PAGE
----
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The Struggle for Free Speech in Spain

Published on 25 February 2021 at 14:04

Last week, Spanish rapper Pablo Hasél was sentenced to nine months in prison after being convicted of “glorifying violence” and insulting Spanish royalty over past Tweets and through content in his lyrics. This has sparked days of unrest across the country which, at the time of publication, are still ongoing. Activists have condemned the rappers’ conviction and sentence as an attack on freedom of expression.

 

Hasél’s music often features political content in favour of Catalonian independence and has previously praised armed terror groups. In addition, Hasél has targeted the Spanish government, police and royal family for criticism. He has previously been arrested and bailed for praising “Camarada Arenas”, who was a member of the now-defunct terror group GRAPO, in his lyrics.

 

In addition to his lyrics, Spanish authorities charged Hasél for content on his Twitter feed in which he praised GRAPO and other terror groups. In particular, he was convicted of “glorifying terrorism” over his tweet praising a GRAPO militant who was shot dead in a shootout with police in 1982.

 

After defying the court’s order to serve his sentence, Hasél barricaded himself in a university premises.  Riot police broke through the barricade and arrested Hasél as he and his supporters shouted slogans condemning the sentence. A week after this episode, protests are still continuing across Spain. In addition to calling for Hasél’s release, activists have called for laws to be amended so that freedom of expression is granted greater protection.

 

This is not the first time Spanish authorities have arrested and convicted citizens over matters related to speech. Mass protests were held in Catalonia in 2017 demanding that a referendum on Catalonian independence be held that year. Despite the Spanish court system’s rejection of this demand and its attempts to prevent its occurrence, organisers proceeded with the referendum anyway. This resulted in a vote in favour of independence (albeit with a low turnout).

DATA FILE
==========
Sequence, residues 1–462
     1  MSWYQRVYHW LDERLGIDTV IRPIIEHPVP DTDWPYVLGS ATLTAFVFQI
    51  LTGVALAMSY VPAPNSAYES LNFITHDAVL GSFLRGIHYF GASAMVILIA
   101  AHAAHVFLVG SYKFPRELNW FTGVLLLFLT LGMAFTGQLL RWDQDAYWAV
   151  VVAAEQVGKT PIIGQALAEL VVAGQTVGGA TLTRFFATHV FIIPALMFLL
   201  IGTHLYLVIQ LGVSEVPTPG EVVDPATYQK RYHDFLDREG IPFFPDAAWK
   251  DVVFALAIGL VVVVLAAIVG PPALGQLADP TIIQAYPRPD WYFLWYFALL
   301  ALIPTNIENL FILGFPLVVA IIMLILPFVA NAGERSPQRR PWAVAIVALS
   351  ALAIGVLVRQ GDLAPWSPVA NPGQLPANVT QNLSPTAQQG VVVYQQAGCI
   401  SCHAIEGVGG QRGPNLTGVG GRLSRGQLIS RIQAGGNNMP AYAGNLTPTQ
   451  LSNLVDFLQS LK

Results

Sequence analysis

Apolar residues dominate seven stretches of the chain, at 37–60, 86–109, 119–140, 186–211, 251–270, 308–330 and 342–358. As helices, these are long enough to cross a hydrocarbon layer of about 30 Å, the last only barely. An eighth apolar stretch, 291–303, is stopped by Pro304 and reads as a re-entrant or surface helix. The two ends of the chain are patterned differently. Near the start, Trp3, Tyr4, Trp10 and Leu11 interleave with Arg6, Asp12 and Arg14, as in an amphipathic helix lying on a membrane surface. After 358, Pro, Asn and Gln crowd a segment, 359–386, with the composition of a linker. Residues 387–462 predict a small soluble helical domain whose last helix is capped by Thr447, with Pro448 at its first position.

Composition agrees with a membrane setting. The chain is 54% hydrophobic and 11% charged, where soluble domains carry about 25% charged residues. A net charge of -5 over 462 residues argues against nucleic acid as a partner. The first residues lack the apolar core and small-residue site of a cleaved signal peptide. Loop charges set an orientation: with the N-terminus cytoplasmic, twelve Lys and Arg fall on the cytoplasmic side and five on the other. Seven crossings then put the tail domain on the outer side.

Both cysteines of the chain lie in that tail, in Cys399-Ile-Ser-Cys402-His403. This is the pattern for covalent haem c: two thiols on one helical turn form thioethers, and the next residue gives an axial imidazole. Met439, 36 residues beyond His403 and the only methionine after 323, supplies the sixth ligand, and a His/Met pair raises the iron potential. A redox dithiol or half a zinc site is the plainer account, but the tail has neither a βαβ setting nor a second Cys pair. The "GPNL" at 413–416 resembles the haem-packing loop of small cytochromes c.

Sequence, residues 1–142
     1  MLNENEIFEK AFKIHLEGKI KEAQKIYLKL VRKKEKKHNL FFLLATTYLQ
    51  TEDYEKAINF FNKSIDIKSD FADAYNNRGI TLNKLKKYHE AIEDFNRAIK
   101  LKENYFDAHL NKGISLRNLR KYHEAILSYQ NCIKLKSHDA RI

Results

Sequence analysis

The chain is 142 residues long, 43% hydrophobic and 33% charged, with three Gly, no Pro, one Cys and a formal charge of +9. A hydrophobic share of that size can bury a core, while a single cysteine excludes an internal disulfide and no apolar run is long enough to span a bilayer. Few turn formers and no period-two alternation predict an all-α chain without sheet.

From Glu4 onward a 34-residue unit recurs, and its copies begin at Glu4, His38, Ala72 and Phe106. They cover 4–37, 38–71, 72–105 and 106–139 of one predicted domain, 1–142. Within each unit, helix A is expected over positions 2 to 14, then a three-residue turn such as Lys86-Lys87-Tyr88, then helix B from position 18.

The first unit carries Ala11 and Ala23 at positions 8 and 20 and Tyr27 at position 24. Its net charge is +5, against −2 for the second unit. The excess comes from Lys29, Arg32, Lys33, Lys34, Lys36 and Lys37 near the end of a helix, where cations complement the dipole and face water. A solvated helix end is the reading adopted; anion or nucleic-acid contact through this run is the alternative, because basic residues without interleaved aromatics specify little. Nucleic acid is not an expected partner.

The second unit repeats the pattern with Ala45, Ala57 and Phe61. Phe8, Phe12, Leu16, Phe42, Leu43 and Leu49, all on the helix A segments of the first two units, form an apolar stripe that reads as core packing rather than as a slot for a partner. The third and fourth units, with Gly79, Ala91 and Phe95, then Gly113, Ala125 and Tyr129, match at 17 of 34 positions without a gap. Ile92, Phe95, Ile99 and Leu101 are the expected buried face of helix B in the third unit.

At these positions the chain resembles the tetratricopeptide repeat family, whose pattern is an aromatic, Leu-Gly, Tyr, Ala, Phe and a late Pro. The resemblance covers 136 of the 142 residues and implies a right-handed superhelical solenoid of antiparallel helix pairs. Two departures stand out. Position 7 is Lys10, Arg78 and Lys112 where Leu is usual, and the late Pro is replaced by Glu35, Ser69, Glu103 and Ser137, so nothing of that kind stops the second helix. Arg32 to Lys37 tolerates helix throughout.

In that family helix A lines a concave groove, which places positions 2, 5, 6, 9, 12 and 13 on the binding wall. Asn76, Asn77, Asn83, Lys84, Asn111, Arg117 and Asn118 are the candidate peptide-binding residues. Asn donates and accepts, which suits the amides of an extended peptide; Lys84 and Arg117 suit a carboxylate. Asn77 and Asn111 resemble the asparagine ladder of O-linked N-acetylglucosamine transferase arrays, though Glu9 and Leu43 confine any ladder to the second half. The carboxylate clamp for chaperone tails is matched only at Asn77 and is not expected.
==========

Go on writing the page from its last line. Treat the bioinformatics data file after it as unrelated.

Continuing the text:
In addition to shutting down polling stations and confiscating ballot boxes containing up to 770,000 ballots, Spanish police raided several buildings and arrested fourteen senior Catalan officials involved in organising the referendum. Even prior to the referendum, over 700 mayors of Catalonian cities were summoned for questioning by Spanish authorities over their support of the vote.

 

The Spanish government continued its harsh response to the referendum well into 2019 when it sentenced nine organisers of the referendum to between nine and thirteen years in prison on charges of sedition and misuse of public funds. This sparked days of protests and street battles between activists and riot police in cities across Catalonia.

 

This latest incident highlighting concerns over freedom of expression in Spain underscore the challenges the country has had in its transition to democracy following the death of fascist dictator Francisco Franco.  While free elections and peaceful transfers of power have taken place since the 1980s, numerous incidents in recent years, including the Spanish authorities’ crackdown on Catalonia’s independence referendum and Pablo Hasél’s conviction have highlighted Spain’s shortcomings on protecting freedom of expression.

 

Indeed, the law under which Hasél has been convicted was not conceived during Franco’s reign, but in 2015 during the term of the conservative government led by Mariano Rajoy’s ‘People’s Party’. The current government has pledged to reform the country’s penal code to facilitate greater freedom of expression. However, this initiative remains in its early stages, and it is unclear whether Spanish lawmakers are interested in protecting freedom of expression. What is clear for the moment is that Hasél’s conviction is not likely to be overturned and that, having been detained, the rapper looks set to serve his full term in prison.


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